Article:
When we evaluate a text produced by an NLG system, in general three are three dimensions that we can look at:
- Linguistic quality, often called fluency, clarity, or readability. Is the text easy to read and understand?
- Accuracy, sometimes called correctness. Is everything in the text true and derivable from the input data?
- Utility, sometimes called usefulness or helpfulness. Does the text help a user do a task, or otherwise achieve its communicative goal?
Of course these dimensions are not independent. For example a text with poor linguistic quality will not be useful, and may have unknown accuracy (if we dont understand the text, we cannot check if its accurate). We can also replace the above fairly coarse criteria by finer-grained ones, eg is the text easy for a 10-year old to read? But in most contexts, at least in my experience, the above dimensions work well. I discuss them below
Linguistic quality measures how well written a text is, ignoring content issues. Its usually measured by asking subjects to read the text and rate its linguistic quality in a Likert scale, or rank a set of texts in order of linguistic quality. Ie, we ask human subjects to judge a text using their intrinsic notion of linguistic quality.
In principle, we could use psycholinguistic means to measure linguistic quality, such as measuring comprehension, reading speed, or recall (memory). These tests are hard to do, though, because of the need for careful control. For example, if we measure reading speed, we need to ensure that subjects are reading texts with similar levels of thoroughness (ie, not skim-reading text 1 and carefully reading text 2). I have done such experiments (Williams and Reiter 2008), and in most circumstances I think they are overkill.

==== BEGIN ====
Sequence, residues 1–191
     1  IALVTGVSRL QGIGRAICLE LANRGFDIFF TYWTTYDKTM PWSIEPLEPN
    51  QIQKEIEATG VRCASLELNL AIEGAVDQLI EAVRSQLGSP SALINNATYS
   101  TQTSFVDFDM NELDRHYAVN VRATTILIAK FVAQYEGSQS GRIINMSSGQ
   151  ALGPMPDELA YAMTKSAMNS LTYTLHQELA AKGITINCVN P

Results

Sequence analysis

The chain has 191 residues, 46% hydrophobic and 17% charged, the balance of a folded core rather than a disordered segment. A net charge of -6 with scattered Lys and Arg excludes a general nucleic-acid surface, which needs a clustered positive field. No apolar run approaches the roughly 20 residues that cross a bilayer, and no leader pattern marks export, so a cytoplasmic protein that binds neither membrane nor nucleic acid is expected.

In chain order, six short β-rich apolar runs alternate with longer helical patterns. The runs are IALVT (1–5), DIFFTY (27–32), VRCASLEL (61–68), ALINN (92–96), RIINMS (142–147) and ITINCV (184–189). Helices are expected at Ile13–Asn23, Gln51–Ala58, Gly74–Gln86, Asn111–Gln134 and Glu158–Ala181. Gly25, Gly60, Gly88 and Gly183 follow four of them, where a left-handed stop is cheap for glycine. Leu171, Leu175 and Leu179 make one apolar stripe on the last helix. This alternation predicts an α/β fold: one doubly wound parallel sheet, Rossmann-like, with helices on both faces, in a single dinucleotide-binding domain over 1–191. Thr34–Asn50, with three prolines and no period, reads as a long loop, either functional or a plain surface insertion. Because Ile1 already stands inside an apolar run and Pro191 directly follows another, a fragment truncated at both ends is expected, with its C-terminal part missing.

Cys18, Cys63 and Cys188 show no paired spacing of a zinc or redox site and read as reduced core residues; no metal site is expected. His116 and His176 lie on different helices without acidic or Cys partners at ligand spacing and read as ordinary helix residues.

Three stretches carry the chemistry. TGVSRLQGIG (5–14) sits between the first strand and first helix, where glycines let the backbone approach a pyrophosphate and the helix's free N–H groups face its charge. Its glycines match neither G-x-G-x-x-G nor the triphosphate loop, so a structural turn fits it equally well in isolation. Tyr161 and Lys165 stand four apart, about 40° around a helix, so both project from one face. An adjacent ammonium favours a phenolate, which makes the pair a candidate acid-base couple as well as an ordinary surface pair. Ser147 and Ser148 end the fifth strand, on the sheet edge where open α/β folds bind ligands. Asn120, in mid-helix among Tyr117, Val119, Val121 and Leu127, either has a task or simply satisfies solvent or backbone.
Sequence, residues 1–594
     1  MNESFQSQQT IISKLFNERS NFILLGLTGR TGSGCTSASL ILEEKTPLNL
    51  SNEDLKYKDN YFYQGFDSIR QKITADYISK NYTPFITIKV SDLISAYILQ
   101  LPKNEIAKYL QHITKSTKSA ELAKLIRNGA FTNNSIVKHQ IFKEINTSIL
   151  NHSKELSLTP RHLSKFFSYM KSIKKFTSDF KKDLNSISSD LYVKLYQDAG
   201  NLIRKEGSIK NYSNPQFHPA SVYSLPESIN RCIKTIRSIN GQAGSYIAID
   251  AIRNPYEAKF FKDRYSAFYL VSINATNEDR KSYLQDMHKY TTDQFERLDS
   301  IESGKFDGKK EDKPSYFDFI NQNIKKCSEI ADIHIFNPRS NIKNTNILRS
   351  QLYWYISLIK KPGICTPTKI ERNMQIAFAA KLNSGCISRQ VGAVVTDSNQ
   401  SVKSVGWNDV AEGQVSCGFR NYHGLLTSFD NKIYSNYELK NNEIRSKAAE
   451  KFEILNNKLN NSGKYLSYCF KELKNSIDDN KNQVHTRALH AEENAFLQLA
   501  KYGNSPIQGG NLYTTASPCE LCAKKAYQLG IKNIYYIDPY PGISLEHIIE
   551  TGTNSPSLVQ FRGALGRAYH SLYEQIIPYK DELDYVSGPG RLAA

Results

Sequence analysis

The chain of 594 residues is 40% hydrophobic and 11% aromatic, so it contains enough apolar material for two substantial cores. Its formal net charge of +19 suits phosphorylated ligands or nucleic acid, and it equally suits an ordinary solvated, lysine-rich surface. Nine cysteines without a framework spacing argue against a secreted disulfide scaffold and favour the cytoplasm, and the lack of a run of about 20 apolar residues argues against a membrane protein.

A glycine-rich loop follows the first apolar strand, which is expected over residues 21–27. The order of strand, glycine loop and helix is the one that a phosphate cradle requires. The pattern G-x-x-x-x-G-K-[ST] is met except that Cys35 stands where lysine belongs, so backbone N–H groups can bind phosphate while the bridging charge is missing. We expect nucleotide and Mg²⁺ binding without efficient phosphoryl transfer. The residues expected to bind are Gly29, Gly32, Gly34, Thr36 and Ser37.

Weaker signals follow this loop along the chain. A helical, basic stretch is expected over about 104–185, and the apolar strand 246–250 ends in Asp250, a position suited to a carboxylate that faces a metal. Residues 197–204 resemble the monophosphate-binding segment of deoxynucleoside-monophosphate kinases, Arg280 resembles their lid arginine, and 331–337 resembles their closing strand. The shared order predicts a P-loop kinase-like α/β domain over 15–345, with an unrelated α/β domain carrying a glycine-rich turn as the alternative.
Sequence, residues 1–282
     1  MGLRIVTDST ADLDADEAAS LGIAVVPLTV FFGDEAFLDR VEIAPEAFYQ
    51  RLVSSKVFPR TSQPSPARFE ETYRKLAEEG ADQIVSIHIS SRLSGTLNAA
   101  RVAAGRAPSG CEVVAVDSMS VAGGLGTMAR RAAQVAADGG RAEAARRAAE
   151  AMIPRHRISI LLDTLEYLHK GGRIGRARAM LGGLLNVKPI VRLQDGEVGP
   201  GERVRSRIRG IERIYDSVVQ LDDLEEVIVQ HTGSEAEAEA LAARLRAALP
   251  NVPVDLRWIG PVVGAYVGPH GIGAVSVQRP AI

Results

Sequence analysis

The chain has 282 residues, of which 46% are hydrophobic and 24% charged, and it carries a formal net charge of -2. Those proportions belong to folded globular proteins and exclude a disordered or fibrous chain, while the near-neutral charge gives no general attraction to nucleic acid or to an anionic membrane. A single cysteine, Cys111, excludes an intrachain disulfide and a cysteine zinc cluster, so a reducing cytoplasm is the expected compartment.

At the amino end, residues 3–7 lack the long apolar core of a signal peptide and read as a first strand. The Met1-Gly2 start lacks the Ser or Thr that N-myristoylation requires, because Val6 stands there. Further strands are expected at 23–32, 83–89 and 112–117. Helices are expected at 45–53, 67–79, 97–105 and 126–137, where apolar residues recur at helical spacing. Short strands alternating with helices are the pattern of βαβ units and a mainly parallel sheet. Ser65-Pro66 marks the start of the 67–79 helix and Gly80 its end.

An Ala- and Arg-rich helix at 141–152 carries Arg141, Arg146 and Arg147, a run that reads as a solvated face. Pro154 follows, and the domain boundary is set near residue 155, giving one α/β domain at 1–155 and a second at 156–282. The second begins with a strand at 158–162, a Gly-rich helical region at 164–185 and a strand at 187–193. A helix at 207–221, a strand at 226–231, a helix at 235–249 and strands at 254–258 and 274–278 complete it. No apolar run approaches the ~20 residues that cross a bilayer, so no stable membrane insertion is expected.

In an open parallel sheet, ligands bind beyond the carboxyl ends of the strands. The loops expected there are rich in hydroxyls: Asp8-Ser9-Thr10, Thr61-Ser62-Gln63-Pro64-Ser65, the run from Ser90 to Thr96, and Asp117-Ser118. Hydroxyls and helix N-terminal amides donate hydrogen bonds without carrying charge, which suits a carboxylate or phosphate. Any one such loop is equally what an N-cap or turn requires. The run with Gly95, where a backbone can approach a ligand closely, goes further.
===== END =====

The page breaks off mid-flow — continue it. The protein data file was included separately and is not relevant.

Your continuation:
In an NLG context, automatic metrics such as BLEU are better at measuring linguistic quality than the other dimensions (Reiter and Belz 2009). Although I personally would still not trust BLEU to measure linguistic quality.
It is dangerous to focus on linguistic quality and ignore other dimensions such as accuracy. Partially because users care more about utility and accuracy than they do about linguistic quality, but also because you can get silly baselines that do very well at fluency-only evaluations. For example, if you are generating a story about a sporting match and have a corpus of human-written sports stories, then a very effective strategy from a fluency-only perspective is to just retrieve a story about a previous match which is similar in data terms to the current match, and update team and player names and perhaps scores. The result will be a very fluent and well-written sports story which looks plausible but is completely bogus in content terms.
Accuracy in NLG means that at a content level, everything in the generated text is true and derivable from input data or general world knowledge. Note that this is a bit different from accuracy in Machine Translation, which measures whether a translated text has the same content as the source text. The difference is that in an NLG context, its usually not possible for a generated text to communicate *everything* in the input data set, some selection is needed. So accuracy in NLG is based on precision (we want everything in the generated text to be present in or derivable from the input data), but not recall (usually only a small fraction of input data is in the text). Whereas accuracy in MT means both precision and recall; the translated text should ideally communicate everything in the source text, and nothing else.
Another subtle aspect of accuracy in NLG is that if the text says something which is true but not derivable from the input data (or world knowledge), then we count this as inaccurate even if it happens to be true in this instance. For example, as pointed out by Wiseman et al 2017, if a summary of a basketball game says that this was a home game for Team A (ie, played in Team A’s stadium), but the input data does not give the location of the game, then we should count this as incorrect even if it turns out that (by pure luck) this particular match was in fact played in Team A’s stadium.